chats to Sal Farrow – founder of New Media Marketing and freelance consultant. If you would like to see a certain
marketer profiled, please email your suggestion to Sean Greaney on

What do you do?

I set up my own marketing consultancy this year, New Media Marketing, after 10 years as a corporate warrior for the likes of NRMA, Optus, AMP, technology and online agencies and various pay TV channels. I still occasionally moonlight as a marketing consultant in the CBD for various corporates also.

I recently moved to the beautiful Southern Highlands of NSW and now gain much inspiration working from a home office looking out across our own park-like backyard completed by trees exploding with blossoms.

What was your first job?

Working at the local bakery in highschool and subsequently recruiting my two closest friends to come and work there…I figured if I had to work, I would make it as fun as possible!

My first professional job was for World Movies, a pay TV channel, in a small tightknit team where everyone pitched in and was exposed to all facets of the business. Being a niche TV channel with a small but loyal customer base, I fell in love with the power of customer loyalty. From there I knew that marketing was that elusive ‘thing’ I wanted to do with my career.

What did you study?

Graphic design then moved into a fine arts degree – painting, drawing, photography and digital media. It was fun, but I worked out pretty quickly by my marks, that I was far better at being conceptually creative, than I was at manually creating fine art.

Describe a typical day?

6-8am – Wake and rumble with the kids, get kid’s breakfast and dressed, make poached eggs and double shot espresso to kick start the day.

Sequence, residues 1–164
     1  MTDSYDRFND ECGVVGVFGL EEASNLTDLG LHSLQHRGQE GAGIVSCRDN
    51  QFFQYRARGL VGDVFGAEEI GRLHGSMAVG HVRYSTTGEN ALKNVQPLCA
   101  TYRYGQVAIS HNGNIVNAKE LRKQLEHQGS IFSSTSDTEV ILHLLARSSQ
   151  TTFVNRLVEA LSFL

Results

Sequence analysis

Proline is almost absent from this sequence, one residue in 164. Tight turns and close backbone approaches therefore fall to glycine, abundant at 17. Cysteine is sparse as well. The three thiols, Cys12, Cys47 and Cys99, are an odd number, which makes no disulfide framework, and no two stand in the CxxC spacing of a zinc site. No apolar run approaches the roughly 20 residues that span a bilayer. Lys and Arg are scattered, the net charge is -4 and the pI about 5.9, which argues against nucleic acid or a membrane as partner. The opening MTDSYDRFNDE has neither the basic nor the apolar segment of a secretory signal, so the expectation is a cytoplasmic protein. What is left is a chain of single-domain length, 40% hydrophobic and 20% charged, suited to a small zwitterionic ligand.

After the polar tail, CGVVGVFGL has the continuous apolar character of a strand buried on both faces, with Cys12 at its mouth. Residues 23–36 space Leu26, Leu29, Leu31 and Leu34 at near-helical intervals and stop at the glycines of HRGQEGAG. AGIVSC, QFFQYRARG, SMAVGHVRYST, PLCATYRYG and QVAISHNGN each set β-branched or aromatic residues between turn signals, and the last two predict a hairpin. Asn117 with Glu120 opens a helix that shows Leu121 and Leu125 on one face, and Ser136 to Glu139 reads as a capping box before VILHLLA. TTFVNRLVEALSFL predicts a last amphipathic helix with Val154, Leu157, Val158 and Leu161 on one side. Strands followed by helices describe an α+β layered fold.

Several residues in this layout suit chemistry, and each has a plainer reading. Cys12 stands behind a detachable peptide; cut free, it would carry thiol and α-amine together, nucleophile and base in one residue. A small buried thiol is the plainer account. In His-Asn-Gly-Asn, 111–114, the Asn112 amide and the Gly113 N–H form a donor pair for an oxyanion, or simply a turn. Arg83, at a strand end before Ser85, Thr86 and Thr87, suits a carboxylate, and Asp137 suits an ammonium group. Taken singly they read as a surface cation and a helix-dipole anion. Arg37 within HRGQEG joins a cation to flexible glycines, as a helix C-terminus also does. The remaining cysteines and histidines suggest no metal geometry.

8.30am – Head upstairs to home office and discuss joint ventures or meetings scheduled that day with husband who runs a graphic design business from home office also. Check emails, read industry news and indulge the crazy inner Virgo by writing a prioritised list of the days work activities ahead.

8.30-12.30pm – Client meetings, often at a picturesque vineyard or one of a myriad of groovy little cafés around Bowral. Check through campaign data, clean up client lists and put together stats from various campaigns.  Ghost write client Twitter and Facebook feeds, update their websites and draft a press release or two.

Lunchtime – Get some fresh air outside with the kids for a while before they head off for a nap.

Afternoons – Design HTML email templates (yep, studying graphic design at uni did come in handy), write a set of variable campaign messages for upcoming campaigns and finish off all the top priority items on the list.

5.30pm – Head downstairs for some crazy games and run around the garden with the kids, collect kindling ready to set the open fire. Discover to our horror that we have run out of wine — make a quick dash into town and grab some, then remember to buy milk on the way home.

7pm – Dinner, bath and bed for the kids, then crack open a bottle of red for a few glasses by the open fire.

Hang out with hubby solving the world’s problems, discussing business ideas, laughing at how funny the kids have been, sneak in a bit of TV or head back to the office for a few hours work to get ahead for the next day.

Big cup of tea and congratulate myself if it is before 12pm that I hop into bed…

What is on the agenda for the next year?

Continue to build my client base, grow the businesses of my current clients, help friends and family get businesses up and running and possibly squeeze in a long overdue trip to the USA to see friends.

What brand do you love the most? Dislike the most? Why?

I believe simplicity is the key to a good brand, so Apple would have to be the class leader in that field at the moment. They have a simple colour palette, simple advertisements, a simple operating system, simple plug and play products – all of which mask very complex technology. I love the concept that once something is simple for a user find ways to make it simpler again.

As a parent, I would sadly have to say that [the brand I dislike most] is The Wiggles (sorry guys). Must they bombard every aisle of the supermarket with their products!

What do you believe has been the most significant moment in the history of marketing?

I would have to say the development of email as a DM delivery mechanism. Plus it has certainly saved a lot of trees from the fate of being formed into an intricately crafted DM Pack with sliding panels and spot varnish!

Where can people find you?